Yoga practitioners are movers. We love to stretch, strengthen and feel good in our bodies. We have experienced over and over again that feeling good in our bodies means feeling good in our minds. But what happens when our bodies do not feel good? What happens when we are asked to take out the physical component out of a yoga practice? This is where the true benefits of your yoga and meditation practice will come to light!
Yogis are often the WORST patients when in comes to being injured. We are used to feeling every nook and cranny of the body. We are sensitive to every muscle, tendon and ligament. And the truth is, sometimes our own biases about our bodies and what we think we can or cannot do get in the way of true healing.
Our bodies are messengers trying to communicate a message we may have missed from a soul level. Sometimes when we ignore over and over again, we get knocked on our ass and are asked to be still and listen. Here are 3 things you can focus on while injured that will not only help you heal faster, but will help you go beyond just physical healing.
An injury will test your ability to be present with your body more than anything! Many of us have a pattern of mentally checking out or dissociating from the body, which usually comes from a pattern that started in unpleasant childhood experiences. It is a total moment to moment, day to day practice to stay in your body when you have anxiety, are in pain or are uncomfortable in any way. This goes for both physical and emotional discomfort! If we do not become aware of and mindfully work on this pattern when we are injured, it is more likely we will tweak something again by moving unconsciously.
Practical application: Start treating transitions like poses themselves.
IE: If you are working with a lower body injury, notice if the weight through your feet is equally distributed when going from sit to stand. If you are working with an upper body injury, notice when you are driving if the back of your head touches the head rest or if you’re in a forward head posture.
When we are forced to take it easy because of an injury, the habitual nature of our minds will come to the surface. If you are used to pushing yourself in your life, you probably push yourself in your Yoga practice. Note: the style of Yoga you are attracted to is not necessarily the style of Yoga that’s the most balancing for you. As you come to realize you are physically not able to do what you used to doing, the mind gets louder and louder. There is a tendency to focus on the things we cannot do. This may highlight a tendency to focus on the negative.
There is also an opportunity to look into what emotional component corresponds to what area of the body you’ve injured. For instance, a lower back injury can represent feeling a lack of emotional and/or financial support and is related to the first (root) chakra. Check out the Roby chart for more details on chakras, body parts and emotions.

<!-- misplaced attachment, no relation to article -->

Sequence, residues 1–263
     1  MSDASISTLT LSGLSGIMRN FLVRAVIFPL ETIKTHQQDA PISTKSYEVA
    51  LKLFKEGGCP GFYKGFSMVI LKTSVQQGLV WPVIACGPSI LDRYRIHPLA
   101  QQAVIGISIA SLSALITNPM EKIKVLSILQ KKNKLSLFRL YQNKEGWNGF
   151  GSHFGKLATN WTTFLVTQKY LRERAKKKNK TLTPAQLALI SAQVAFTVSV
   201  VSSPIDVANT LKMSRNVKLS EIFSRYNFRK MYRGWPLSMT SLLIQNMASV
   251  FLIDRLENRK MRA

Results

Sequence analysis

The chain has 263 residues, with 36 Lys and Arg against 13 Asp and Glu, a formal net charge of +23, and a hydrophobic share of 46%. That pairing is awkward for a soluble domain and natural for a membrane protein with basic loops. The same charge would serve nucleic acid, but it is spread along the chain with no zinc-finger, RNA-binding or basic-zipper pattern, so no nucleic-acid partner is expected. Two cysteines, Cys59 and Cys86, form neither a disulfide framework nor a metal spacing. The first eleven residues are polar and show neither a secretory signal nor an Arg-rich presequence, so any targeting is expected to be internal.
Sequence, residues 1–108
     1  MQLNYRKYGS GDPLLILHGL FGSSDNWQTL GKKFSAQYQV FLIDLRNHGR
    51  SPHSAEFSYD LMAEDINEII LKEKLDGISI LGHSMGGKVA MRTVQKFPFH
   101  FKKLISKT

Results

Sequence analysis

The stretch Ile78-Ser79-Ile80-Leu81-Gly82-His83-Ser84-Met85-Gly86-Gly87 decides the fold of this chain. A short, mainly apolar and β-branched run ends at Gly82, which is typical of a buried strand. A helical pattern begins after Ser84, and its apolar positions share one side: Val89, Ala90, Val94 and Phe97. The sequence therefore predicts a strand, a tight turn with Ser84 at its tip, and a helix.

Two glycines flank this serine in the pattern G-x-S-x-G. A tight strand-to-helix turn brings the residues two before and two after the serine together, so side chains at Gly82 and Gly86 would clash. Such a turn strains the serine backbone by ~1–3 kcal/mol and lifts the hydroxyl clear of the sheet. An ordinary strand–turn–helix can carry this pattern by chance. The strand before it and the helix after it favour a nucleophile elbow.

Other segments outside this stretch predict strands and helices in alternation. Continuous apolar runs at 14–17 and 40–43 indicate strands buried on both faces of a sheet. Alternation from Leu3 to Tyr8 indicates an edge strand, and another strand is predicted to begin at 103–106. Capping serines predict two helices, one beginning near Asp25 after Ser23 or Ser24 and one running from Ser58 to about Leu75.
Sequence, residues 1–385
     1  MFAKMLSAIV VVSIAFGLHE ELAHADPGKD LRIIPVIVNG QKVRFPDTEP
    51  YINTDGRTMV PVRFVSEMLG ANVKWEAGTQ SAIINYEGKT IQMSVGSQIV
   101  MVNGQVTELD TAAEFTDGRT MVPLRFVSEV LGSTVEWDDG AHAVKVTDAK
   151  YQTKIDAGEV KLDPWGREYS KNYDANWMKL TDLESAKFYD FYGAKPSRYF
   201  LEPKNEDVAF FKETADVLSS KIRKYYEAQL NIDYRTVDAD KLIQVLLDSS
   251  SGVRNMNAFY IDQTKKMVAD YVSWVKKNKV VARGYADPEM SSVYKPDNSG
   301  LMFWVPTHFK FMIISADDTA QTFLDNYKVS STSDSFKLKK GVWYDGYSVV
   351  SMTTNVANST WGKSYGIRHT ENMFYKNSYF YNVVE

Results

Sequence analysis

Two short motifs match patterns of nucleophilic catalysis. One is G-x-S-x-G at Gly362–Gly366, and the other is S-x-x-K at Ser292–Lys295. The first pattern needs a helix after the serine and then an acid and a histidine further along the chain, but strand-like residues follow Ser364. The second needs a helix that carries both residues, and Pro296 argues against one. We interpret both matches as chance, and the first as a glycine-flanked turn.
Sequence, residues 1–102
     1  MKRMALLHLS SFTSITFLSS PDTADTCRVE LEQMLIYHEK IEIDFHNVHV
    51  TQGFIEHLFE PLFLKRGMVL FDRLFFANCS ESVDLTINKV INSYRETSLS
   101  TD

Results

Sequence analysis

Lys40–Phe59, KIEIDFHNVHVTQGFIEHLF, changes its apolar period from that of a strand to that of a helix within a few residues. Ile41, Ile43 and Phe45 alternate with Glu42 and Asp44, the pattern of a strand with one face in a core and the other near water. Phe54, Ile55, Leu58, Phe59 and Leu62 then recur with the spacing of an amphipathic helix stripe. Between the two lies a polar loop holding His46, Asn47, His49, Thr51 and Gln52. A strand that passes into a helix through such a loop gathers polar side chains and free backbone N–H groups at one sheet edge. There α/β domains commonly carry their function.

Practical application: When you catch a thought focusing on something you can’t do, think of something you can do that will still feel good.
IE: Lay or sit in a comfortable position and chant RA MA DA SA, a mantra that will raise your vibration to that of Divine healing. Here is one of my favorite versions by Jaya Lakshmi and Ananda: https://open.spotify.com/track/3aqwfANGy3oxkFcLDVztNz
When the physical body is healthy and functioning, we can move through a Yoga practice fairly seamlessly with our muscles becoming more strong and flexible. With an injury like a muscle strain, there is scar tissue and tightness that occurs during and after the inflammation process.
When you are first injured, there is a period of time where the body needs you to restrict activity and/or rest depending on the injury. This is called the acute stage, which usually lasts 3-5 days. This is usually the most painful time of the injury when all the inflammation and swelling is happening. This is when it is necessary to avoid stretching! This is so you do not stress any micro-tears you may already have in your tissue. This is a good time to focus on your pranayama (breathwork) and meditation practice.
After that first stage, we enter the subacute stage where there is less pain and more mobility, but the scar tissue is still fragile. This is the time we most commonly will re-injure ourselves because we feel better. So it is important that when we get back on our mat, we move slower to feel exactly when the stretch starts so we do not over-stretch fragile soft tissue. This is not a time to push, but to back off a bit and listen to the body deeply. It’s always a good idea to move slower and use the breath to intensify any stretches, rather than pushing into it.
On a personal note, I was used to practicing more intermediate backbends. I had never had the physical experience of tight hip flexors and most poses that stretched the hip flexors were fairly easy for me. Once I’d had some repetitive strains to my hip flexor, this completely changed. I was asked to go slower, back off and use my breath to intensify stretches. And then I could feel poses very differently. I could feel which poses stretched the top of hip flexors, the front of them, which poses stretched the sides of them, etc…And most standing poses became totally new for me, a new exploration of the intricacies of holding poses and moving in and out of them.
Practical application: As you get back on your mat, hold your first pose for 5-10 breaths and then walk around the room to make sure you didn’t aggravate anything. Come back to your mat, try the next pose for 5-10 breaths.This is especially good for a lower back injury. Keep your practice shorter than usual, but make your savasana and meditation longer than usual. *
Founder of YogaDoctors.TV
Doctor of Physical Therapy
Kundalini and Hatha Yoga Teacher
CranioSacral Therapist & SomatoEmotional Release Practitioner